Indeed I pressed the button “send message” too soon for my essay on medical care improvement. So here is the correction you asked for.

I don't get either

a) a clear message of what the main thrust of this is about (the only clear
message is "Here is someone getting hot under collar about medical things and
lawyers". So can you clarify it all, please?

When government replaces the proper, qualifying aspect of a voluntary community with one that is inappropriate, the community suffers.
,  it is an unmistakable proof of the retrograde tendency of all modern totalitarian political systems that they attempt to annihilate the process of cultural differentiation and individualization by a methodical mental equalizing ("Gleichschaltung")  of all cultural spheres, thereby implying a fundamental denial of the value of the individual personality in the opening-up process of history.Progress & reaction P.33
Since the process of cultural differentiation leads to an increasing typical diversity of cultural spheres,  there is a constant danger that one of these spheres may try to expand its formative power in an excessive manner at the expense of the others.  P.34
…this cultural harmony can be guaranteed only if the process of historical development complies with the normative principle of cultural economy which forbids any excessive expansion of the formative power of a particular sphere at the expense of the others.p.35

b) a clear idea of how all this relates to sphere sovereignty. Please can you
make that much more explicit. What spheres are you specifically talking
about, and are you saying "X sphere is dominating the sovereignty of Y

When people replace the moral aspect with the economic or the juridical aspect to qualify medical care organizations, they destroy its proper function. Take-over by either state or commercial Health Management Organizations for profit brings corruption, poor medicine and unnecessary suffering and death. State power cannot beget conscientious care. Excessive price leaves millions without care altogether. Both attempts of the state tp take over voluntary communities for care violate their sphere sovereignty.  As Dooy wrote: As soon as these bounds are ignored in the opening-up process of human culture through an excessive expansion of the formative power of a particular cultural sphere, disastrous tensions and conflicts arise in human society.  This may evoke convulsive reactions on the part of those cultural spheres which are threatened, or it may even lead to the complete ruin of a civilization,p.35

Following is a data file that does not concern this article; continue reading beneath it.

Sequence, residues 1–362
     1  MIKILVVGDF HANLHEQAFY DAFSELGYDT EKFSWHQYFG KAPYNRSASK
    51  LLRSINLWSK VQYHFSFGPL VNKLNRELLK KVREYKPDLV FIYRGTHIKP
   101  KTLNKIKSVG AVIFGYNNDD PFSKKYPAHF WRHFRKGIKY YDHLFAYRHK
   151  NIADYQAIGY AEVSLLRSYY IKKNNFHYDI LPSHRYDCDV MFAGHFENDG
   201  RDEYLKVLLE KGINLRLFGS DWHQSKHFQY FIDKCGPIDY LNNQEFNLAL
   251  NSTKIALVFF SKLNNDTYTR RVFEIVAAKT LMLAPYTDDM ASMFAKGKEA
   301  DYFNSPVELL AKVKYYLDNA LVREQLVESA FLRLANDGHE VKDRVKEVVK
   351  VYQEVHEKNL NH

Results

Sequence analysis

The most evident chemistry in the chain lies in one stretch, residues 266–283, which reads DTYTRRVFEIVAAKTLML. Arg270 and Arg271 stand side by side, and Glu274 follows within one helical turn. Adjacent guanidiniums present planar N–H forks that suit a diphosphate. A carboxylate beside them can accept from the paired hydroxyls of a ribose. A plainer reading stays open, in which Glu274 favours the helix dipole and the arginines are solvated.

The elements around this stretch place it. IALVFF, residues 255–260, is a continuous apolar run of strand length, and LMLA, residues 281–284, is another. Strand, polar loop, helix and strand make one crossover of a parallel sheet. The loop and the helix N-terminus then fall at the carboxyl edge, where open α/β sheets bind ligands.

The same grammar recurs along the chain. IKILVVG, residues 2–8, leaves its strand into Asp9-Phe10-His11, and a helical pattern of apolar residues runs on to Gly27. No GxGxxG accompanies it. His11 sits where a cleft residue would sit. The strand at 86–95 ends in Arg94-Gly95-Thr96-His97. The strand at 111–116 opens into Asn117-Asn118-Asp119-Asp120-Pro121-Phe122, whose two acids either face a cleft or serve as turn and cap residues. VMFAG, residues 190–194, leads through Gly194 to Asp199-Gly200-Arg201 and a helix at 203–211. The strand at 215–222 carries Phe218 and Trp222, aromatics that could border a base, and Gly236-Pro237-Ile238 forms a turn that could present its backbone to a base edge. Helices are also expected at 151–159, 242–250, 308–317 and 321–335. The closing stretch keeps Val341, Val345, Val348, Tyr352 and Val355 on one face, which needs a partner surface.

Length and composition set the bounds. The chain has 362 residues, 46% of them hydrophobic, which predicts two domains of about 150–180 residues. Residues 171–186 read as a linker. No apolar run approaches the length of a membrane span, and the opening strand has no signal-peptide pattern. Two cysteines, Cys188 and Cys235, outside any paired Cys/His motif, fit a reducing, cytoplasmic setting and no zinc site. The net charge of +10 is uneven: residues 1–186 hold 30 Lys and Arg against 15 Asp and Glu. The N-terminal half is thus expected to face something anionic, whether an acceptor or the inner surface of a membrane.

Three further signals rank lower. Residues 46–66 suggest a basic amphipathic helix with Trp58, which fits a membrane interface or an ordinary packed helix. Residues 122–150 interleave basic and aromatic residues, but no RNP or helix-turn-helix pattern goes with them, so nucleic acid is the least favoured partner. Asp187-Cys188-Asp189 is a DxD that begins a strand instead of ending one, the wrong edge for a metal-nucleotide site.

c) a clear idea of whether you are trying to apply sphere sov to medicine or
trying to illustrate sphere sov via medicine

Due to their unique qualifying aspect of love, medical care communities must be allowed to retain their inviolate sphere sovereignty. All alternatives are sinful.

d) and similarly, whether you are just having a 'rant' and find the notion of
sphere sov useful, or whether you are trying to discuss things generally.

I am appalled by the disastrous developments in medical care, hence my ”rant.”  The suffering due to preventable  mistakes, carelessness, negligence, lack of time,  “business pressure”, dependence on expensive equipment rather than history taking and physical examination. Much of all this can largely be prevented.

I have a caseload of examples for all these disasters, accumulated over a period of half a century. Maybe someday I will share with this you, if anyone is interested in it. Let me just mention that we lost our son at age 44, through cancer, unrecognized because of no investigation of a bleeding, a brother in law in Holland through cancer, not properly treated, a sister in law in Canada, whose cancer was overlooked two years ago and who now is going through a horrible session of chemotherapy. In the US I lost a friend through unrecognized peritonitis, another of the same due too a perforated bowel during an accident, a niece whose skull was crushed with a forceps during delivery by a doctor in a hurry, etc. etc. All this and much more goes back over a period of fifty-nine years since I graduated.

Please add this to my previous effort to give people better medical care.
Magnus Verbrugge. March 2001.